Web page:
MedGadget's MedTech Monday: Custom-fit degradable cranial implant
Resobone custom-fit degradable implants for bone defects: Researchers at the Fraunhofer Institute for Laser Technology ILT in Aachen, Germany, have developed a custom-fit degradable implant for filling bone defects after craniofacial surgery. Currently defects are filled with filling material or previously removed bone. The new method uses a CT image template and a technique called selective laser melting to create a perfectly fitting implant consisting of a porous material into which adjacent bone can grow. The materials used, synthetic polylactide and tricalcium phosphate, are resorbed as the bone grows, giving rise to the name "Resobone." The entire process, from obtaining imaging of the patient's anatomy to having an implant ready can be done in just a few hours. The technique can be used to close defects of up to 25 square centimeters in size.
Study: Bard's LifeStent superior to stentless angioplasty: C.R. Bard Inc. (NYSE:BCR) announced the publication of data from its Resilient study in Circulation: Cardiovascular Interventions. The results show that Bard's LifeStent vascular stent, currently the only stent approved by the Food & Drug Administration for use in the femoral and proximal popliteal arteries, can prevent narrowing of these arteries when used during percutaneous transluminal angioplasty (PTA).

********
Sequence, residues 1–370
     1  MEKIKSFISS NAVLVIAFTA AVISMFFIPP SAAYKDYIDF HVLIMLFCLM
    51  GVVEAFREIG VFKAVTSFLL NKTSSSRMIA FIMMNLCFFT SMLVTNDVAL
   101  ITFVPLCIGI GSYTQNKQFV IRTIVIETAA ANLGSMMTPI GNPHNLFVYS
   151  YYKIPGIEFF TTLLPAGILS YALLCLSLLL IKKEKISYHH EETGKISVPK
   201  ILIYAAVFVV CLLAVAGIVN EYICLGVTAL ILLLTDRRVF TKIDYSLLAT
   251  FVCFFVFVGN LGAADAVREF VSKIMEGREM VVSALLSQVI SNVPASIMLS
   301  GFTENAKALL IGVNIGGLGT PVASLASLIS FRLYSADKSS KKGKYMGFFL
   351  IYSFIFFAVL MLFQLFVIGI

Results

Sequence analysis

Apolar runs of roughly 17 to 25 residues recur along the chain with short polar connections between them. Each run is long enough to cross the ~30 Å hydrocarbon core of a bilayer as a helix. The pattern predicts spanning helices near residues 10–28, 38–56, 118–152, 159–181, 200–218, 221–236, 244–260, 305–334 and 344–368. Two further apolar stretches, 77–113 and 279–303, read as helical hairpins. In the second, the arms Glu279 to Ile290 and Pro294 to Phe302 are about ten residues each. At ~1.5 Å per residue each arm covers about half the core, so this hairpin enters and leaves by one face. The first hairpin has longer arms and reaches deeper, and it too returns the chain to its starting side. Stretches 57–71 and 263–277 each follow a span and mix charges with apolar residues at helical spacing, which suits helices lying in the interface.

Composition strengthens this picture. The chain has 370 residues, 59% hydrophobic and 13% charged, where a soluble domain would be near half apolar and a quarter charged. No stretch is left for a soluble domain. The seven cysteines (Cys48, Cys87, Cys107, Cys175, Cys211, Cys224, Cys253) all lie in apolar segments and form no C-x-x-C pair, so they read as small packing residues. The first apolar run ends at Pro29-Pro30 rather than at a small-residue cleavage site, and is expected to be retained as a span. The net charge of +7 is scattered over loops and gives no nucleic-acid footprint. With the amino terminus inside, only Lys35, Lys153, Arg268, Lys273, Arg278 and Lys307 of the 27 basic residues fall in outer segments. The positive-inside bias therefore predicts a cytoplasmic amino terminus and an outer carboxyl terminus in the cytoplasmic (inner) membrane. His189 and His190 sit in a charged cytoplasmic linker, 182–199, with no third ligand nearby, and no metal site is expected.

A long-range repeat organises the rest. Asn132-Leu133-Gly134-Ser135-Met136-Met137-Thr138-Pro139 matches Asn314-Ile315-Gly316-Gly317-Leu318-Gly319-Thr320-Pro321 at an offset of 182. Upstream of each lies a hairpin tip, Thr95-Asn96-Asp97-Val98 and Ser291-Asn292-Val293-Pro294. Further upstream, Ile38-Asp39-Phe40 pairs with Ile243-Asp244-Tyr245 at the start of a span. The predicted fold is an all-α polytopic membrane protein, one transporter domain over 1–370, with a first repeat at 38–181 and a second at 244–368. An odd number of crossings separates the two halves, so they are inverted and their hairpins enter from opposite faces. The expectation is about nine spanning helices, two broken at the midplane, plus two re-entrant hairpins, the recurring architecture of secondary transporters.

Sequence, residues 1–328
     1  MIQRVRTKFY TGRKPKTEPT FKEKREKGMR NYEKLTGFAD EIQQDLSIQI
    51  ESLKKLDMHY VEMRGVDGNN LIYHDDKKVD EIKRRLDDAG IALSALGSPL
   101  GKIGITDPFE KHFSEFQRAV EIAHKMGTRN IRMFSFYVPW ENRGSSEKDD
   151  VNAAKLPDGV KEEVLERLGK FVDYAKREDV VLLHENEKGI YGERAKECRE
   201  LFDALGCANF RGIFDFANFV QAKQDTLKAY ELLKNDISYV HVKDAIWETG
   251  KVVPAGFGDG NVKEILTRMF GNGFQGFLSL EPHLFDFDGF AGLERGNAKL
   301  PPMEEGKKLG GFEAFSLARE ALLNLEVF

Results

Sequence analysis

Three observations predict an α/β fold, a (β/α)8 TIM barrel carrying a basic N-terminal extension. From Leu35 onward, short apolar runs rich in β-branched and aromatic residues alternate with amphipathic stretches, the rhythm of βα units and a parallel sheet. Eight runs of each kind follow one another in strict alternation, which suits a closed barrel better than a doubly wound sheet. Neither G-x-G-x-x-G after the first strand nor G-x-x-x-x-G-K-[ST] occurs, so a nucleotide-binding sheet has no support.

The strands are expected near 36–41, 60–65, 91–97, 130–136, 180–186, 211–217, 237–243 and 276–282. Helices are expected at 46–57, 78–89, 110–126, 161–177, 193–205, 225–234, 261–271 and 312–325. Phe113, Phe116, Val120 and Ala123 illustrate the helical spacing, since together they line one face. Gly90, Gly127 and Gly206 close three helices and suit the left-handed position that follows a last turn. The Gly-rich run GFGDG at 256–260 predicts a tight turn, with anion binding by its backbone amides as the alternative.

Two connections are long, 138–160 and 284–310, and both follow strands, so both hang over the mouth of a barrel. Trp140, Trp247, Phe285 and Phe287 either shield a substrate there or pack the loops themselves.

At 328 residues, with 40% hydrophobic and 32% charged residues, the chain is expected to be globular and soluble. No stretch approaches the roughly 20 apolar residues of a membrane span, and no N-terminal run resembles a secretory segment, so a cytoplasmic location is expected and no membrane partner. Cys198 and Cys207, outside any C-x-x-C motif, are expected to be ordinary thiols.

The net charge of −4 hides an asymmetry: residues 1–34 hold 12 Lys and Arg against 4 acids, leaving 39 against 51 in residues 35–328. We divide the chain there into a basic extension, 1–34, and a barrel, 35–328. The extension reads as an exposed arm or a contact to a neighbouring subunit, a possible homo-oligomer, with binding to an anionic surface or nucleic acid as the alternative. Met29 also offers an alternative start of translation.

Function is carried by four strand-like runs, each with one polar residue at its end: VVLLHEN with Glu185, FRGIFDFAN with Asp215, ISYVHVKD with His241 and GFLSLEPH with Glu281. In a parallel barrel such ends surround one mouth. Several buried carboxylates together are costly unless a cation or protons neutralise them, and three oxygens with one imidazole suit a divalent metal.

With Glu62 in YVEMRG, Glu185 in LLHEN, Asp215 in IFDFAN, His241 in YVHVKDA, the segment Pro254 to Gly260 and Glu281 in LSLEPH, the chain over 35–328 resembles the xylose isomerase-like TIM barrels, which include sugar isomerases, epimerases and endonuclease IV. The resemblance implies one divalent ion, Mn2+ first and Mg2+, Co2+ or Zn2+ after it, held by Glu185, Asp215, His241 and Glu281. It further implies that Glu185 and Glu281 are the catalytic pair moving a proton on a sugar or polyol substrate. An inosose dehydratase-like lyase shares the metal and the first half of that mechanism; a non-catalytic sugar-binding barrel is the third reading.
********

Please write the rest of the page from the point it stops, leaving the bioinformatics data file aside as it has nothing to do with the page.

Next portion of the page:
Micrus' DeltaPAQ and DeltaPlush microcoils cleared in Japan: San Jose, Calif.-based Micrus Endovascular (NSDQ:MEND) received Shonin approval in Japan for its novel bare platinum and Cerecyte DeltaPaq filling and DeltaPlush finishing microcoils for the treatment of cerebral aneurysms and treatments in the peripheral vasculature. Based on its Delta Wind technology, the microcoils pack tighter than traditional coils to help reduce the rate of re-canalization and the need for re-treatment. Soft platinum wires provide added flexibility to find and fill gaps, helping to provide superior finishing at the aneurysm neck. The products, already for sale in the U.S. and Europe, will be distributed in Japan by Goodman Co. Ltd.
CorMatrix's cardiac tissue repair wins CE Mark: Atlanta-based CorMatrix Cardiovascular Inc. received CE Mark approval in the European Union for its CorMatrix ECM for cardiac tissue repair. The product is a cellular bioscaffold made of porcine small intestinal submucosa which is surgically implanted at the site of cardiac tissue injury to provide structural support and allow cardiac tissue to gradually remodel and repair itself.
A weekly roundup of new developments in medical technology, by MedGadget.com.